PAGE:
the nikku

reflecting on ESL/EFL and its relation to faith

Tuesday, April 04, 2006

But how are you feeling?


In response to the most popular response to my mass email, "How are you feeling?":

I am feeling relieved. Relieved that I know what I will be doing for the next two years.

I am anxious. Of course!

I am confident. I've been to Japan before! For a combined total of three weeks. I know everything there is to know about Japan. :) riiiight.

I am excited. I am excited to teach something I know well. Excited to use my skills, and to be useful for my students and my school. I am excited to learn all the modern day intricacies of a culture whose history is longer than 300 years. I am excited to be a part of a culture that still has some rules about what social interaction should consist of.

I am worried about what the process of learning a new culture will entail. I am worried about how long it will take to make new friends - I am just getting to know some real friends here in SF! I am worried about being a foreigner for two years.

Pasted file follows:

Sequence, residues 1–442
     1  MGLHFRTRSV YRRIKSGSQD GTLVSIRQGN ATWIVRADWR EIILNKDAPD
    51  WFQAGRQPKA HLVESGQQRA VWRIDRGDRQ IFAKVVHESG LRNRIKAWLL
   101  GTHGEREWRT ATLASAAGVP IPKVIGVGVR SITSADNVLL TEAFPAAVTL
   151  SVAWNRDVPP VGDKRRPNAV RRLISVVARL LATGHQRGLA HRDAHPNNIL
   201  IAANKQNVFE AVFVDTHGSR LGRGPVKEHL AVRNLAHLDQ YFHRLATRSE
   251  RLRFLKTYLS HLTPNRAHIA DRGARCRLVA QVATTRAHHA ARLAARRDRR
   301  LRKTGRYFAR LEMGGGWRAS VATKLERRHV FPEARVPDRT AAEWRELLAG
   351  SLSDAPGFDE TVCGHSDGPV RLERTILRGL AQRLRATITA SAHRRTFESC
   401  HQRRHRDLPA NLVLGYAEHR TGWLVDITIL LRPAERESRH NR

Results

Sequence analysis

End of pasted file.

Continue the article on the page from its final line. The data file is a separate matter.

I am curious. I have read (thanks for the book BP & NP of CL! It was very useful) that in Japan your classmates become your second family. And when you are done with school, your co-workers become your second family. I am curious to see for myself just how "group oriented" Japan really is.

I am looking forward to meeting my students and co-workers. I look forward to working with, teaching, and being taught by them. I am looking forward to the challenge of making the material interesting and memorable for students with whom I have very little in common.

Mostly, I just can't wait.

***

I think it is important to note, that when I was living at home, I promised myself that I would NEVER be a teacher. As I watched my father work - very hard - it seemed very troublesome and not nearly rewarding enough.

And now, only one year after my college graduation, I feel as if being a teacher may be one of the greatest things ever. Right now in SF I am volunteering as a teacher's assistant in an English classroom for immigrant children. Already this experience beats my six months of software development, hands down. If only the two jobs paid the same!

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